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Chicago Teachers Union deletes tweet labeling push to reopen schools as ‘rooted in sexism, racism and misogyny’



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After deleting a tweet claiming that the effort to reopen school is “rooted in sexism, racism and misogyny,” the Chicago Teachers Union is facing severe backlash, The Washington Examiner reported Monday.

This comes as many schools across the country have returned to exclusively online learning, as COVID-19 cases spike around the country and alarmingly sends the total number of related deaths in the U.S. past 282,000, according to data from Johns Hopkins University. Many parents across the nation, however, have resisted these changes and have called on schools to let children continue learning in person.

According to a screenshot of the now-deleted tweet, it was published on Sunday at 1:03 pm and had accumulated almost 2,000 quote tweets compared to its nearly 600 likes.

The CTU, The Examiner‘s Tyler Van Dyke writes, has published numerous tweets highlighting the growing disparities in health outcomes from the novel coronavirus for people of color. One of their retweets called social distancing a “privilege,” pointing to a study that showed neighborhoods which had “crowded housing or had fewer people who could work from home” and neighborhoods composed predominantly of people of color “saw more COVID-19 deaths,” Van Dyke reports.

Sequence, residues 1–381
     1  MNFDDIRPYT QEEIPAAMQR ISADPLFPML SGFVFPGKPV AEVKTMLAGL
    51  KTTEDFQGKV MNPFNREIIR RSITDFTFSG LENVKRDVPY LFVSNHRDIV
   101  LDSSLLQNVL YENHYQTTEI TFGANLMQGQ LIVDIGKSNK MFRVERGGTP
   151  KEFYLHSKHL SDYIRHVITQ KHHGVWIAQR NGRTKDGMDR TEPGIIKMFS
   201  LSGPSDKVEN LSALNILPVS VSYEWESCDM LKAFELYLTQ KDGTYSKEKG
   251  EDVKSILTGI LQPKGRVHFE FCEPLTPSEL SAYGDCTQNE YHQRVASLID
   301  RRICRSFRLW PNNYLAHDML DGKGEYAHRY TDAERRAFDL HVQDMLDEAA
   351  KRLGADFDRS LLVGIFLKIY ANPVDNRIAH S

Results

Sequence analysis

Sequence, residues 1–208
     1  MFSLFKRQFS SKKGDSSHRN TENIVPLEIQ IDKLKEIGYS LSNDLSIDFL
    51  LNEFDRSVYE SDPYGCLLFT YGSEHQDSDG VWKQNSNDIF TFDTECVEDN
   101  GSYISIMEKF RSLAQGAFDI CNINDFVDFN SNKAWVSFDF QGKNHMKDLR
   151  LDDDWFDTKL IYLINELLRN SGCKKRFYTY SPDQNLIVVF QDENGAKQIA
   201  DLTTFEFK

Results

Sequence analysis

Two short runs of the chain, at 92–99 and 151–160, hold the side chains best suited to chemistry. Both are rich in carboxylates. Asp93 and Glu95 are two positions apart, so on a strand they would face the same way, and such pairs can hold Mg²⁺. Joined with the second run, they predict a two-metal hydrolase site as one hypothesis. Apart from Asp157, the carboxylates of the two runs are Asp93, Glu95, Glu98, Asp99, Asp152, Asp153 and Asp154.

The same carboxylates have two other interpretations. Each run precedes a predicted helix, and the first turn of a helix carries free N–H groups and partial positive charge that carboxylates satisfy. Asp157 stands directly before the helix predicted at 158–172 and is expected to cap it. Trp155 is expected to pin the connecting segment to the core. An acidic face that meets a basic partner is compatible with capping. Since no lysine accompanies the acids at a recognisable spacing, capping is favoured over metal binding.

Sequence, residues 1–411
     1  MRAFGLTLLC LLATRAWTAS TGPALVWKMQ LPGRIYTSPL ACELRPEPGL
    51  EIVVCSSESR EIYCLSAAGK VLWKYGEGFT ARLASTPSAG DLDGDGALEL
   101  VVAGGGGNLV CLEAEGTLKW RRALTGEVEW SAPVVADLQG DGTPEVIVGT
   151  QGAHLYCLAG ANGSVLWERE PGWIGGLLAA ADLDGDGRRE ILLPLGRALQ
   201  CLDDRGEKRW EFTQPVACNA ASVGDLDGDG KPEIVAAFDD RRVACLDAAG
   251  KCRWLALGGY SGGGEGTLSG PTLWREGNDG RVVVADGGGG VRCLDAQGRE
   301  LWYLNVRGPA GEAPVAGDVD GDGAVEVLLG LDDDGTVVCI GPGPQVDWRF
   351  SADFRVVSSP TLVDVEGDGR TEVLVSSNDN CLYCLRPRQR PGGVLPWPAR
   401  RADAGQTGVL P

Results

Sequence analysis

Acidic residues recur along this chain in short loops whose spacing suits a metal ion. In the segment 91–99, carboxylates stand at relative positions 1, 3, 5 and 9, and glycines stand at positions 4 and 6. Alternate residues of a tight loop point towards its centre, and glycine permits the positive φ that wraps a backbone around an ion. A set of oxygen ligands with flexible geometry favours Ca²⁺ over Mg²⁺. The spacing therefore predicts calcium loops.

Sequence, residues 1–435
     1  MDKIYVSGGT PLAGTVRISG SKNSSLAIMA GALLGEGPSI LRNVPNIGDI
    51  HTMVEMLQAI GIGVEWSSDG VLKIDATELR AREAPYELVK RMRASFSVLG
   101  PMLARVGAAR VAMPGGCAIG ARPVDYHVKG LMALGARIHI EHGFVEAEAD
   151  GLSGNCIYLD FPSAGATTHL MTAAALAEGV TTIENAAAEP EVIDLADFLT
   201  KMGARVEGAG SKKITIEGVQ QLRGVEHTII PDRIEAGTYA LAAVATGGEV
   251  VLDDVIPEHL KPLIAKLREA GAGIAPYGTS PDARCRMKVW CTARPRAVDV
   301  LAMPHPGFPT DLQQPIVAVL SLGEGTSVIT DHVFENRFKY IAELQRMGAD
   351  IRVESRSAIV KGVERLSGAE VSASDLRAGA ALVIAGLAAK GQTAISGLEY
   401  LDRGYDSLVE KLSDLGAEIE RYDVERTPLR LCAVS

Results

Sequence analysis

“For each additional percentage point of the population that was Black, there was a 32 percent increase in the COVID-19 death rate, and for each additional percentage point of the population that was Hispanic/Latino, there was an 19 percent increase in the COVID-19 death rate,” the study states. “Conversely, neighborhoods with a higher percentage of Asian or white residents saw lower death rates.”

Some critics of the CTU, Van Dyke writes, refer to a California lawsuit launched by seven families who allege that remote learning in the Golden State “left many already-underserved students functionally unable to attend school,” according to The Washington Post. Education advocates have been worrying about remote learning, claiming that it “will widen the achievement gap that separates Black, Latino and poor students from their peers.”

Following the overwhelming criticism they received from the tweet, the CTU posted a tweet on Sunday addressing the controversy, writing that reopening schools was a “complex issue” which “requires nuance” and “much more discussion.”

“Fair enough. Complex issue,” the CTU tweeted. “Requires nuance. And much more discussion. More important, the people and the decision affects deserve more. So we’ll continue [to] give them that.”

Want to read more about this story? Read the full Washington Examiner story here.

You can follow Douglas Braff on Twitter @Douglas_P_Braff.

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NASA’s OSIRIS-REx Returns After 7-Year Journey with Asteroid Samples